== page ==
The Value of Virtualisation and Open Source

[insights] Posted by lemur47 on 18 August 2023

I've always said on this website that the nested virtualisation is one of the most advanced and well-designed deceptions to enslave humanity. And to be honest, I like virtualisation in information technology...

As I move away from Big Tech and onto the encrypted side, I feel it's time to use a Linux laptop next. One of the reasons is that I've found an attractive laptop from System76, it's called the Lemur Pro. My name is also lemur47, I think it really fits.

As well as selling hardware, System76 also develops and distributes an Ubuntu-based operating system called Pop!_OS. You can download the OS and install it on your machine for free. Pop!_OS also gives you full disk encryption, even when you install it on your virtual environment.

When it comes to secure hardware and OS, Purism is one of the great companies that focus on both privacy and security. They also offer you an open source OS based on Debian called PureOS.

As I mentioned in the previous insight, I installed Debian to do some research. To do this, I used VirtualBox to set up my virtual environment, so I decided to install both Pop!_OS and PureOS in my virtual environment to simulate what it would be like to use a new laptop.

Yes, open source technology and ecosystems are changing buyer behaviour. It allows you to make sure in advance that it will meet your expectations in a more practical way. In other words, as a modern alchemist, you can design and simulate the reality you want to create with tangible scenarios and intangible blueprints.

Pop!_OS with VirtualBox

Virtualisation makes it possible. This is one of the reasons why I say that the technology itself is completely neutral. The problem is always why we use it, what we use it for and how we use it.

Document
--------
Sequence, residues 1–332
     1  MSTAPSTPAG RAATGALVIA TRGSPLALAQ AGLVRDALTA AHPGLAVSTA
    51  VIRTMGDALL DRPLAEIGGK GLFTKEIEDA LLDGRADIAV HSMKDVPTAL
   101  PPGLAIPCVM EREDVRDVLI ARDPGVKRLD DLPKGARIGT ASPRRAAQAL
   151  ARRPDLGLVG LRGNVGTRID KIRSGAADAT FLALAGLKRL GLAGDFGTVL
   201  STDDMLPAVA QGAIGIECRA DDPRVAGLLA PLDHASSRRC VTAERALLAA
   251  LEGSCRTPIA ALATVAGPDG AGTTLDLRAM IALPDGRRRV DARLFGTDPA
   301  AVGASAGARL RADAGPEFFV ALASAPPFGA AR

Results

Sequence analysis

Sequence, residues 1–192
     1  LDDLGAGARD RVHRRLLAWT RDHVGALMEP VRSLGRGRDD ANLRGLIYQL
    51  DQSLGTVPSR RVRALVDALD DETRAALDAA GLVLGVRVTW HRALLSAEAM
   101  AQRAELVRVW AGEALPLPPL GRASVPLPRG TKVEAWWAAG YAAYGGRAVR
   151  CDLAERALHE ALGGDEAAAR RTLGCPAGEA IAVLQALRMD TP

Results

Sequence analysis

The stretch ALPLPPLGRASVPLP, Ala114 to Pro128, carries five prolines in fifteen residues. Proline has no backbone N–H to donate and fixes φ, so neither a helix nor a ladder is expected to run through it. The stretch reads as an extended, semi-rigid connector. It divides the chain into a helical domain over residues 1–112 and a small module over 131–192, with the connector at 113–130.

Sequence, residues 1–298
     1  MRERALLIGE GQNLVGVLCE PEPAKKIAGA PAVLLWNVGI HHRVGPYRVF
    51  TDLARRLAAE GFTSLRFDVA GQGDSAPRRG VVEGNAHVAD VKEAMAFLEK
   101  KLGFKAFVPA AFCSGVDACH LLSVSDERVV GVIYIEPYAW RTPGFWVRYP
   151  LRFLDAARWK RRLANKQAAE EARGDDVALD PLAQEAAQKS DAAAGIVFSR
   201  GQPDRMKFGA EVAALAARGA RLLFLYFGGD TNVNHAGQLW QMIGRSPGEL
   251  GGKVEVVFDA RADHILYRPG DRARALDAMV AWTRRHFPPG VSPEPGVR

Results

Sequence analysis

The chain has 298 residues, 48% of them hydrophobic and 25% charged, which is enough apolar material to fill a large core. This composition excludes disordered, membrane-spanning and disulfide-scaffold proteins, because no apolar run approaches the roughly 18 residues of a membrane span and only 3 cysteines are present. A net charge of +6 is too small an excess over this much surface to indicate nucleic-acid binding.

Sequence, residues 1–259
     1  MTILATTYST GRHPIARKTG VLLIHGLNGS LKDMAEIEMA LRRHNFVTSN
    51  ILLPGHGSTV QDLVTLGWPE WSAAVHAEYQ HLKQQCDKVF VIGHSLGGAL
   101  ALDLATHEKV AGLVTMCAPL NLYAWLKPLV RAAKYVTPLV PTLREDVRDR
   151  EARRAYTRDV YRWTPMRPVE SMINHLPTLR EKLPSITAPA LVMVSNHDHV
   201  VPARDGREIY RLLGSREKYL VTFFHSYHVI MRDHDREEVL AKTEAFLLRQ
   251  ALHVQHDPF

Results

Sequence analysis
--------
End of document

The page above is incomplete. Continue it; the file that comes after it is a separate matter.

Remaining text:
Virtualisation is also very good at isolating risks in terms of privacy and security. If you develop a Python application inside a particular virtual machine, your laptop is relatively safe from cyber-pollution. This is why most developers prefer to use a virtual environment for Python, as well as for package and version management.

If you use nested virtualisation technology in a very wrong way, to enslave and deceive humanity, you will create the same civilisation and the same world that we currently live in. The key points are isolation and distance. Both points are achieved by the mathematical blueprint of hologram projection, and it's so similar to the cloud computing and virtualisation.

So I'd like to say out loud that we should use technology like virtualisation in a more constructive way. Virtualisation actually helps you hide your footprints in order to harm others. Just as the spiritual industry has done for a long time, we can use the same technology to deceive and enslave people.

Lastly, I'd like to share with you a small technique. If you want to set up your own virtual environment with VirtualBox to use multiple operating system with your macOS, it would be helpful to protect your network.

To use the same DNS settings and secure network in virtual machines that your host OS uses, you can use a DNS proxy instead of configuring DNS settings for each virtual machine. Looking at the posts on the web, most people tend to configure DNS settings manually, but I think you want to use a more secure and organised way.

To do this, you can open the Terminal and type the following command for each virtual machine.

$ VBoxManage modifyvm $YOUR_VM_NAME --natdnshostresolver1 on

In my case, it will be like this.

$ VBoxManage modifyvm 'Pop!_OS' --natdnshostresolver1 on

Your virtual machine uses NAT for networking by default, so it will work as expected. The reason we use the DNS proxy is because of Zero Trust and VPN. If you use Cloudflare Zero Trust with WARP, your virtual machines will inherit the settings. If you prefer to use Proton VPN instead, it will also work well with your environment.

When I started using the graphical user interface for Linux in 2003, that's exactly 20 years ago, it was so hard to use. I used both the GNOME and KDE desktops, but it was better to use macOS 9 and 10 than the Linux GUI. But now the situation has completely changed. You can use a more privacy focused environment with the Linux desktop, and you can also take advantage of the power of virtualisation!